As luxury brands turn to emerging markets to boost their bottom lines, they see eyewear as a viable — and quick —way to reach aspirational new customers.
“The more the new economies are growing, the more it becomes a must to offer access to eyewear in China, India, Brazil, Mexico, countries where half of the population had no access to eyewear,” said Claudio Gottardi, president and ceo of Marchon Eyewear Inc. “They want designer branded products and in 10 years, there will be up to one billion wearers. The market will explode.”
To tap into this potential, over the past year or so, there’s been a flurry of new licensing agreements between designer houses and top eyewear producers, including Carolina Herrera and Lanvin with Italy’s De Rigo Vision SpA. And some brands are severing long-standing ties with their production partners in favor of new deals.
Valentino SpA in June signed a licensing agreement with Marchon for the production and distribution of its eyewear, terminating its 13-year pact with Safilo Group.
The five-year deal is effective Jan. 1, with the first collection of sunglasses and prescription frames slated to bow that month.
Prompting the decision, Stefano Sassi, chief executive officer of Valentino, said Marchon “is a relevant and committed reality in this sector with a strong presence in the U.S. and in Europe, which are also key markets for Valentino.”
Also last month, Salvatore Ferragamo signed with Marchon for the production and global distribution of sunglasses and prescription eyewear. The first collection will be available in Ferragamo boutiques, department and specialty stores and select optical shops starting in January. Marchon succeeds Luxottica Group, whose license with Ferragamo expires at the end of the year.
The five-year license between Ferragamo and Marchon, with an option to renew for five more years, aims to further expand international penetration of the line. New York-based Marchon is one of the world’s largest eyewear makers, whose licensors include Calvin Klein, Diane von Furstenberg, Emilio Pucci, Fendi, Jil Sander, Karl Lagerfeld, Michael Kors and Nike. It operates in more than 100 countries.
In September, Marchon inked a deal with Lacoste, whose eyewear was previously produced by Charmant, since 2006.
These new ventures further Marchon’s commitment to expand its European portfolio.
However, Gottardi said this musical chairs of sorts “is all perfectly normal. Companies grow, there are different priorities. Sometimes, it also depends into what market the brand plans to expand.” After securing new investors two-and-a-half years ago, the executive said Marchon is growing quickly and across most international markets, thus “attracting designer brands that want to be more international.”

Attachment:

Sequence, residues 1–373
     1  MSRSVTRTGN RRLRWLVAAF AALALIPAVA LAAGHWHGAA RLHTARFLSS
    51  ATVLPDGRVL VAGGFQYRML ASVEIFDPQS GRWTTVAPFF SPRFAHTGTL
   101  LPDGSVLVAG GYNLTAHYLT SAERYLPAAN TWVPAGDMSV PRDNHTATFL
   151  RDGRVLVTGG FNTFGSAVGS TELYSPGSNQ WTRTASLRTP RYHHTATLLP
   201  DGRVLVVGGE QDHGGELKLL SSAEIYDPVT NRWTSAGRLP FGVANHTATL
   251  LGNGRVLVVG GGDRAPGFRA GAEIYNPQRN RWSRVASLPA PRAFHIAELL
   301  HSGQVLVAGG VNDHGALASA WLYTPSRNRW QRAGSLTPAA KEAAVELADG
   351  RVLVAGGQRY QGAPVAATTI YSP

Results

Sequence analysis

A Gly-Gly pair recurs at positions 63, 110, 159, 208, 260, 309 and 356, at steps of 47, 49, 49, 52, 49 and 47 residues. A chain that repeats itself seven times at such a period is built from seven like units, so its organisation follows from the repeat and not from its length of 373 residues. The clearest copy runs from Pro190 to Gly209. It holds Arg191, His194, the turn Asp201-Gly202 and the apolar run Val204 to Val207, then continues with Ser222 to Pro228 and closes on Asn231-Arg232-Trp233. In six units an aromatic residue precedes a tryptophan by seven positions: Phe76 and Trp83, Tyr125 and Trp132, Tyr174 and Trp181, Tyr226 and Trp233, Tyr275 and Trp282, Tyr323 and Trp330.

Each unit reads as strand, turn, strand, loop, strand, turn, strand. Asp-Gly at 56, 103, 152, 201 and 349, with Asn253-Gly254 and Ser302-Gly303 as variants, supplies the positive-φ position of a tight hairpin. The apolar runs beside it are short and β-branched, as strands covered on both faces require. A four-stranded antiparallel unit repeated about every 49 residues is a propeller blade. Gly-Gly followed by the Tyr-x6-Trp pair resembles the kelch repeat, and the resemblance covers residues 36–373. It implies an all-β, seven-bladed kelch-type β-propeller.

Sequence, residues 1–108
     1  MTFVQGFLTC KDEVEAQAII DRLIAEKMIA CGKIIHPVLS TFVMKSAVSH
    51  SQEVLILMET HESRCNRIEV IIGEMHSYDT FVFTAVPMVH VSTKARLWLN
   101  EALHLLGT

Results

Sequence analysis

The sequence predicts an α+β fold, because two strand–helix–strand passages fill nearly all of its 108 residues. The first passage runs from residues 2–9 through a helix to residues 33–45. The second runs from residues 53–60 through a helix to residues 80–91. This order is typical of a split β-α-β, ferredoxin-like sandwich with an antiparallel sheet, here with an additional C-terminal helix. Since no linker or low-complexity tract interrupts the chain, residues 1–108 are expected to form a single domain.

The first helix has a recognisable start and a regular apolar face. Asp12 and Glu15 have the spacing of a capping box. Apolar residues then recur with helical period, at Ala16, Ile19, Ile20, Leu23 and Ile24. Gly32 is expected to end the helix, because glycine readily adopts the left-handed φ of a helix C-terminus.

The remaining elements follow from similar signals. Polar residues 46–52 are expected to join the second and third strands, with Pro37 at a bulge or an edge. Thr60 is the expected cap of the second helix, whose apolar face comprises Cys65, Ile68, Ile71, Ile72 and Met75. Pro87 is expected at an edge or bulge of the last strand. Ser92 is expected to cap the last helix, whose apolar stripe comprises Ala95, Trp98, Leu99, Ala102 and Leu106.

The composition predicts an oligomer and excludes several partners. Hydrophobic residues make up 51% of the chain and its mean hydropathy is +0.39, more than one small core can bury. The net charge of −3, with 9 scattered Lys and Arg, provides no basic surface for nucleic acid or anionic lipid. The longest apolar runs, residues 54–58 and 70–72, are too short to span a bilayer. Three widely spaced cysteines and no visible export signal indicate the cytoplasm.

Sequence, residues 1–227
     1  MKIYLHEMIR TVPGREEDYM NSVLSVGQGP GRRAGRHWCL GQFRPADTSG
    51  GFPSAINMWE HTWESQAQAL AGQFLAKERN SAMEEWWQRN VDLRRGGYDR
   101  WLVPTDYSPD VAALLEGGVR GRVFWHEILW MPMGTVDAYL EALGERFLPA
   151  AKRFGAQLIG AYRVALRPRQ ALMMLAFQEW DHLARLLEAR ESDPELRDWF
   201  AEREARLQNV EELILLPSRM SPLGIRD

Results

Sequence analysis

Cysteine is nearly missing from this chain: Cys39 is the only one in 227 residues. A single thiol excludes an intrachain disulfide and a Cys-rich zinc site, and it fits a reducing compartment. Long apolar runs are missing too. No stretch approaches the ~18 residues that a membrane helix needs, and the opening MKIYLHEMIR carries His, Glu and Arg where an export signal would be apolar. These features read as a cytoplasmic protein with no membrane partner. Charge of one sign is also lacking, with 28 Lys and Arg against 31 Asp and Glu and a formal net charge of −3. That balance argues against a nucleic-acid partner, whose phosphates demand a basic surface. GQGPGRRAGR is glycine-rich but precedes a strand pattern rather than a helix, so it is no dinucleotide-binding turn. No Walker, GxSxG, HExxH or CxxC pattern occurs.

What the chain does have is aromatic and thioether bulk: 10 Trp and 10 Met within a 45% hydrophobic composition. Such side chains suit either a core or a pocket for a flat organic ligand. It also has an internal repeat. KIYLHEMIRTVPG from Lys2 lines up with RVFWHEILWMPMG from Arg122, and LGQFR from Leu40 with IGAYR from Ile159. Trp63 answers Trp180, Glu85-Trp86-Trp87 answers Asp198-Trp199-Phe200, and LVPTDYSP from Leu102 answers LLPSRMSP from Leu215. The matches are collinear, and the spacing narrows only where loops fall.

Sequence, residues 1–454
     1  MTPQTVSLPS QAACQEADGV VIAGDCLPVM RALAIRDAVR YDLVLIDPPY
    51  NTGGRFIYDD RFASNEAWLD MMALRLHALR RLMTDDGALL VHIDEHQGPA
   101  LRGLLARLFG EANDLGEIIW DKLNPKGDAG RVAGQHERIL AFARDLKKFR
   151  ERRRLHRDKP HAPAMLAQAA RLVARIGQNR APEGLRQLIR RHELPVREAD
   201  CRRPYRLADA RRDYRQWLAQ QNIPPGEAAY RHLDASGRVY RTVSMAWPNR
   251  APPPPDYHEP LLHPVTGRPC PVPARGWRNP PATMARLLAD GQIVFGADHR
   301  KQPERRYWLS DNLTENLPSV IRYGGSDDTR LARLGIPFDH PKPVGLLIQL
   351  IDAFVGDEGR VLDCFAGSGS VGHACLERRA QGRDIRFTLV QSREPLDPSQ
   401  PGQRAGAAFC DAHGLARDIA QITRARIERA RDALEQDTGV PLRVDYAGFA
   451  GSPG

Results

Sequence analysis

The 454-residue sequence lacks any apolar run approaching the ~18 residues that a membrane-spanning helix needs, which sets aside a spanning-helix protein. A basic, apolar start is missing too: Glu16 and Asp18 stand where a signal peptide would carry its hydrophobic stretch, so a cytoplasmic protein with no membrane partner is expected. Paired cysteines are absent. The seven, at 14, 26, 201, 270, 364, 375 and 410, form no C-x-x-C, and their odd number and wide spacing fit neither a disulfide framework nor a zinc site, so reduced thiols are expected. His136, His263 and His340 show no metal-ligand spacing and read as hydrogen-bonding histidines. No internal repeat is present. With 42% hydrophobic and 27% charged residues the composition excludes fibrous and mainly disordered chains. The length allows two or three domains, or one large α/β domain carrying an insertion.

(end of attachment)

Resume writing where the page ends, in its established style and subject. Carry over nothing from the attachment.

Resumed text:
But, as one license goes, another comes. Luxottica in October picked up the eyewear license for Coach, held by Marchon since 2002. Luxottica’s designs for Coach will launch in 2012. Luxottica ceo Andrea Guerra said at the time that Coach’s position in the U.S. market was attractive to Luxottica. “The U.S. luxury eyewear market is still quite small…[Coach] knows consumers in the U.S. and knows how to be appealing…we think that this market can be much bigger.”
The multiyear deal, which includes renewal options, will result in four annual collections produced under the Coach, Coach Poppy and Reed Krakoff labels. The frames will retail in 3,000 stores in the U.S. and 1,500 additional doors worldwide, including Coach boutiques and Luxottica units such as Sunglass Hut, Ilori and LensCrafters.
In July 2010, Diesel announced it was leaving Safilo after 16 years to partner with Marcolin, which, in 2010, also secured the Swarovski license.
Safilo’s stable of designer brands includes Giorgio Armani, Gucci and Bottega Veneta, and other PPR labels including Balenciaga, Yves Saint Laurent and Alexander McQueen, which it renewed last month until 2015, as well as Dior, Max Mara and Tommy Hilfiger. Next month, Safilo and Gucci will introduce four eyewear styles made from eco-sustainable materials. “Our unique brand portfolio, enriched by the new January 2011 collections, was the engine behind the new business opportunities that we tackled to continue to stretch our reach and presence in the marketplace,” said Safilo ceo Roberto Vedovotto, as the first quarter showed a gain in net profits and sales.
The group underlined the contribution of mounting demand for medium- to high-end sunglasses in areas such as Asia and the Americas to the group’s core business, citing particular growth potential in China and Korea.
As the style and licensing director of his family’s $274 million business, Maurizio Marcolin has rounded up a diverse portfolio of brands and drawn five new licenses in less than two years. The executive knows just how important it is to establish a diversified portfolio and not rely on one major brand. In 2004, Marcolin lost the Dolce & Gabbana license to Luxottica, but gradually recovered by building a top stable of labels that today includes Tom Ford, Dsquared2, Roberto Cavalli, Ferrari, Tod’s, Hogan, John Galliano and Kenneth Cole.
“The goal became to create a diversified portfolio because we didn’t want to put all our eggs in one basket anymore,” noted Marcolin. “To keep a balance, today no brand should surpass a 20 to 30 percent share of sales.”
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